Linux ls Colour-coding in PuTTY CodeUnit 05 NOV 2009

PuTTY is a damn useful app for when it comes to gaining remote access into a machine via SSH or Telnet, and has more than proven its worth to serious geeks over the years since it was first released.

But here’s a question that you’ll be asking if you are new to the whole command line SSH into Linux access thing:

“Just what does all the colour-coding (when it comes to folder listings) displayed in PuTTY mean?”

Well, basically the colour-coding is to expediate file type recognition. For example, the default colour set is as follows (thanks Google!):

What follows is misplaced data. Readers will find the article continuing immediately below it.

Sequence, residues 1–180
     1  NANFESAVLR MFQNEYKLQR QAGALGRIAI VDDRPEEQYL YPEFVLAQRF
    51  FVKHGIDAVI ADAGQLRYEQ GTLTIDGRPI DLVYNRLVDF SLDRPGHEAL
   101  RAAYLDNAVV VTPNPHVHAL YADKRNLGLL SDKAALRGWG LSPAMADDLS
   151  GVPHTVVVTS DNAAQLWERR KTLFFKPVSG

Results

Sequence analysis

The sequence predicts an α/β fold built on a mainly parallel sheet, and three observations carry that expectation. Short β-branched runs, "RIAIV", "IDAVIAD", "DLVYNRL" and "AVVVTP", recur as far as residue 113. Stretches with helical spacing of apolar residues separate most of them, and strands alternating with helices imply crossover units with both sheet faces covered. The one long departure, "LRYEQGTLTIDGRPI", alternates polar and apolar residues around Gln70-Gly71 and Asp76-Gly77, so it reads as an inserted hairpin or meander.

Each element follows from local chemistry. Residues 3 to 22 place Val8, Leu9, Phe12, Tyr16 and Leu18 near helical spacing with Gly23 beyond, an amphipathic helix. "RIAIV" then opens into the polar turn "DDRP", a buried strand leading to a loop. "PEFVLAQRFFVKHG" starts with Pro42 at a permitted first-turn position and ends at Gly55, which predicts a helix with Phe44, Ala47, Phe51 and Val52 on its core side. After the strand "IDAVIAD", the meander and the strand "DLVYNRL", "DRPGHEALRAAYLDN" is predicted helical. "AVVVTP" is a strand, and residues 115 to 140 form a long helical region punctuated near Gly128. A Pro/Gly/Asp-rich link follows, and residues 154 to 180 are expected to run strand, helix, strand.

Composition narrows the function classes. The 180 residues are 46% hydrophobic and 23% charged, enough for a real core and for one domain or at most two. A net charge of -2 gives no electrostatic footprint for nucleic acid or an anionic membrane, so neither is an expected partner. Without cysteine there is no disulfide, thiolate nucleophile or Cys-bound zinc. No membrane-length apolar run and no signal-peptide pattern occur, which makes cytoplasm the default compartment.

• * Normal file: White (or the default colour used by the command line window)
  • * Directory: Blue
  • * Symbolic link: Cyan
  • * Pipe: Yellow
  • * Socket: Magenta
  • * Block device driver: Bold yellow foreground, with black background
  • * Character device driver: Bold yellow foreground, with black background
  • * Orphaned syminks: Blinking Bold white, with red background
  • * Missing links: Blinking Bold white, with red background
  • * Archives or compressed files: Red (e.g. .tar, .gz, .zip, .rpm)
  • * Image files: Magenta (.jpg, gif, bmp, png, tif)

To manipulate or view just what colours your system is spitting out you, simply pay a visit to /etc/profile.d/colors.sh and /etc/profile.d/colors.csh

There, hope that helps! :)

(Tip: If you wish to disable the list colouring, simply remove the alias that attaches ls –color=tty to ls – run `alias` to see what I’m referring to.)

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About Craig Lotter

Software developer, husband and dad to two little girls. Writer behind An Exploring South African. I don't have time for myself any more.